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Death becomes her: A Brief List Of Everyone Who Died @finborough

For a natural process, death is not a topic that comes up naturally for people. We ask how people are doing but expect the response to be “I’m great”, not “I’m not dead yet”. And so for the main character in A Brief List of Everyone Who Died, Graciela has a death issue. Starting with when she was five and found out only after the matter that her parents had her beloved dog euthanised. So Graciela decides that nobody she loves will die from then on. And so this piece becomes a fruitless attempt at how she spends her life trying to avoid death while it is all around her. It’s currently having its world premiere  at the Finborough Theatre . As the play title suggests, it is a brief list of life moments where death and life intervene for the main character, from the passing of relatives, cancer, suicides, accidents and the loss of parents. Playwright Jacob Marx Rice plots the critical moments of the lives of these characters through their passing or the passing of those around them. Howeve
Theatre: Blood and guts at Theatre of Blood

Caught Theatre of Blood last night at the National Theatre with Jim Broadbent as the lead. It is based on an old Vincent Price / Diana Rigg film where a ham actor Edward Lionheart seeks revenge on all the critics that have savaged him over the years by locking them in an old abandoned theatre and doing away with them one by one. The murders are committed in the style of murders that appear in Shakespeare's texts. The selected texts were also the plays Lionheart performed in his final season of Shakespeare before jumping to his death from a critics appartment after he was overlooked for a drama award... Or so it seemed...

It is gruesome and very black comedy including:

  • When the first critic is disposed of in the style of Julius Caesar, blood showers out all over the stage... Most of the audience laughed at this sight
  • Shylock this time takes his pound of flesh by removing the heart of another (it's just over a pound until he squeezes it and the blood that drains makes it just right)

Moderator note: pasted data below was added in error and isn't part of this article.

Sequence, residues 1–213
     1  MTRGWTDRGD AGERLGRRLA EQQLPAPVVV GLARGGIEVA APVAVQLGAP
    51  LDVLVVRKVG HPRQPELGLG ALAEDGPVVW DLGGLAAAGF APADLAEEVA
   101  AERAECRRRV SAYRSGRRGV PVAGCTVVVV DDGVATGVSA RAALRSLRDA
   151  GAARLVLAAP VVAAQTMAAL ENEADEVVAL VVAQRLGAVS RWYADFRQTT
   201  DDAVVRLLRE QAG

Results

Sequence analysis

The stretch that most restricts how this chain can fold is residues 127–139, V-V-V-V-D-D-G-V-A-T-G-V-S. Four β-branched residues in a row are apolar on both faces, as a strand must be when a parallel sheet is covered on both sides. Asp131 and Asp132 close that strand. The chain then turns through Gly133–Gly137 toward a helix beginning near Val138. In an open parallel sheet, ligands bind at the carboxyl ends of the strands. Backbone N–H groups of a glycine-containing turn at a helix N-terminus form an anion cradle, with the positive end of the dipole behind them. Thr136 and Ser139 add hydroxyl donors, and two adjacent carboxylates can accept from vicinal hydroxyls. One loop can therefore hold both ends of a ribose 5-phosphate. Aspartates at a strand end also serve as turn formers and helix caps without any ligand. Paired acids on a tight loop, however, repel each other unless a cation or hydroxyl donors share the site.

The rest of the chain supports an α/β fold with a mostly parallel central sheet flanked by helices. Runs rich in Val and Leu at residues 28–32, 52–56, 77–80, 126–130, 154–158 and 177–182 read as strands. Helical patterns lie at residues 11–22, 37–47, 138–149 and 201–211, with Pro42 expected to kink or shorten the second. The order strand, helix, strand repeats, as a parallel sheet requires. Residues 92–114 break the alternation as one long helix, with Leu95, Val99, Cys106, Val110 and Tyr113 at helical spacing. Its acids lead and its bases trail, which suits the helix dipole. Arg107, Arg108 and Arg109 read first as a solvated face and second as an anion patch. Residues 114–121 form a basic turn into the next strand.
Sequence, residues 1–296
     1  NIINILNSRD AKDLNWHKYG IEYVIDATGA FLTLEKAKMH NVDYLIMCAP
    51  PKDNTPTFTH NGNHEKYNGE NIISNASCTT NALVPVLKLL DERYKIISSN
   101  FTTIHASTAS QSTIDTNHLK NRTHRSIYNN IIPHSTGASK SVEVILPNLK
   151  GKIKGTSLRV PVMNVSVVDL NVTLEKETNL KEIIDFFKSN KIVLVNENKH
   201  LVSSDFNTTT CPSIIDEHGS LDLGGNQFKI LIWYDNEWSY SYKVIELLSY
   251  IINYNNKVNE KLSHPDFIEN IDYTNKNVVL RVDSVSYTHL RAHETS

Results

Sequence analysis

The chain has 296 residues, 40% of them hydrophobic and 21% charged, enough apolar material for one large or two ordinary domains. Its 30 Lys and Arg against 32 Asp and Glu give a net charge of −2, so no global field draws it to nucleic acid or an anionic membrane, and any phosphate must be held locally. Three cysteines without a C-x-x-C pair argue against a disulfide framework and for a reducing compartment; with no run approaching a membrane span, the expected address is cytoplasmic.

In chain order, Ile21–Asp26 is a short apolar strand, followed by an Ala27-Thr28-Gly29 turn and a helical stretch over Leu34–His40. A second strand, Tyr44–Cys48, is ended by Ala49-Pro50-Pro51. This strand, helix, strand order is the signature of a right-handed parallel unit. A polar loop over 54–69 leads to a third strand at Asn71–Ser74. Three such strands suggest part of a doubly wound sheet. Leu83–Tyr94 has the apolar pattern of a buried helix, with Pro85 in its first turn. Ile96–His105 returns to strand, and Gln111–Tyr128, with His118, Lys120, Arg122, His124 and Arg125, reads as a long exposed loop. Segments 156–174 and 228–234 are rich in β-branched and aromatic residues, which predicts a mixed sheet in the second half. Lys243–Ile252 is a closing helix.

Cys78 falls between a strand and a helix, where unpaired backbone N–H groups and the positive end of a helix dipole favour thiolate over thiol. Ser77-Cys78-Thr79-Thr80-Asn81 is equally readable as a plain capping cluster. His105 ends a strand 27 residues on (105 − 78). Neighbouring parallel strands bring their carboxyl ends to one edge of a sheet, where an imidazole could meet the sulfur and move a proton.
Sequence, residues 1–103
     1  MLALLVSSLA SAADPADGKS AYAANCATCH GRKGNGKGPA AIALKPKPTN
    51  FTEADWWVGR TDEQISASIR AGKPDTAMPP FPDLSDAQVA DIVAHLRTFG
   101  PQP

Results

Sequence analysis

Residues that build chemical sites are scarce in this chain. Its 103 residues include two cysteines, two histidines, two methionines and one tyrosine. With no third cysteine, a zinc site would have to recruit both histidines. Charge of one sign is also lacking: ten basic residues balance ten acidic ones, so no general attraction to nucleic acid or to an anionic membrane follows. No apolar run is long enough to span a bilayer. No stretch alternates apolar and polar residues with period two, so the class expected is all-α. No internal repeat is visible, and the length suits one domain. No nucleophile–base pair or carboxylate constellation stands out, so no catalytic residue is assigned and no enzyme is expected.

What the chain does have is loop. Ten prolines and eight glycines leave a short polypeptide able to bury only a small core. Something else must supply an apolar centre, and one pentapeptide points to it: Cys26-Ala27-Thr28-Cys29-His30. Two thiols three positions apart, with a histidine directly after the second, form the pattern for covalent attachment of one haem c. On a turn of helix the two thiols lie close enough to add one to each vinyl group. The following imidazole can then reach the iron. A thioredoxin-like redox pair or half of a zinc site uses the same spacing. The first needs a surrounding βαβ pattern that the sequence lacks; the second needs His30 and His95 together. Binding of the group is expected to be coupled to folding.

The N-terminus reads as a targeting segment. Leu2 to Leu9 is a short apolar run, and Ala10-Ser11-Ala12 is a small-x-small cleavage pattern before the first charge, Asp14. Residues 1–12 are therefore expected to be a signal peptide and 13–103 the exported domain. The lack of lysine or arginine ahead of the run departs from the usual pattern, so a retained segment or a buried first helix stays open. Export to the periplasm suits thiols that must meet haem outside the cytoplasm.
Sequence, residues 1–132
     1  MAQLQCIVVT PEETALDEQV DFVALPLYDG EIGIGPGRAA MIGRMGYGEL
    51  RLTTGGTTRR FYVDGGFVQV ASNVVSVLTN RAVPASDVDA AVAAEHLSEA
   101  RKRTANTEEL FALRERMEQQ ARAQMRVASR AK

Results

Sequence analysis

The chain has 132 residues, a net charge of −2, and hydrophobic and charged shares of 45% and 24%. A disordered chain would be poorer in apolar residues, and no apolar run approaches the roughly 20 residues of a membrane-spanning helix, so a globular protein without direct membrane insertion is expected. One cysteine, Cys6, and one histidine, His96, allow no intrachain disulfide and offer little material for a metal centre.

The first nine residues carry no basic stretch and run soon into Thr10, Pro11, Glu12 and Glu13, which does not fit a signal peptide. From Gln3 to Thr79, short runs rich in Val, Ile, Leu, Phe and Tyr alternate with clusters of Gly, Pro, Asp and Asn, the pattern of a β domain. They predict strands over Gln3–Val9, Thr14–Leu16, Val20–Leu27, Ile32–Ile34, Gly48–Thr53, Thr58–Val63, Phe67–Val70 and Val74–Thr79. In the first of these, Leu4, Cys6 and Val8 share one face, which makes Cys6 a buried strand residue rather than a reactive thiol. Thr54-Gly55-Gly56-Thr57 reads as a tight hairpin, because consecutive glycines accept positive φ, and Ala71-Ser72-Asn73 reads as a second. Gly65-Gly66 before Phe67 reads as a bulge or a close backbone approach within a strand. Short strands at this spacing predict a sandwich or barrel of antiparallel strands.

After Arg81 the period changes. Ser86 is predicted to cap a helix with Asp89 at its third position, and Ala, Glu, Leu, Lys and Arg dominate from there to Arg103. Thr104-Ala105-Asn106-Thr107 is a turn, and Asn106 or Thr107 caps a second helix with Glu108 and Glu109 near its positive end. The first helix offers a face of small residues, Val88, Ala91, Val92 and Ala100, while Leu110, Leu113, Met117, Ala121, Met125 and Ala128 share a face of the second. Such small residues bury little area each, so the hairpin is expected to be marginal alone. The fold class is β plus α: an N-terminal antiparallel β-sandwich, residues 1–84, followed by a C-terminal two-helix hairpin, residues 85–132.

• When one critic arrives with two poodles you just know that something truly awful is going to happen to the three of them. And it does...

A very fun and black night. But the play has also been updated to make a few in-jokes and barbs at the National Theatre itself. There is the argument put forward by Lionheart that the soon-to-be-built government theatre on the south bank of the Thames (the play is set in the 1970s as the building is being constructed) will take all the fun and life out of the theatre and become something that is deemed good for you... "Instead of the delicious illicit tang of the betting shop or brothel it had the sanctimonious cultural cache of a collective confessional" Lionhart moans.

The contrast between the grand and lavish theatres of long gone and the concrete constructions of present day are obvious and not just in the play. The West End with all its old and aging theatres is another world away from the concrete construction of the National. It is awfully functional and nowadays it seems impossible to imagine of the arts existing without government subsidies and funding... But once upon a time they did... Those days (just like overripe interpretations of Shakespeare) are long gone...

But nostalgia aside, this co-production with theatre company Improbable provides thrills and a hint of nostalgia, and a delightfully awful performance by Broadbent. It is fascinating to watch an actor, play a bad actor playing Shakespeare very badly... Now you don't often see that...

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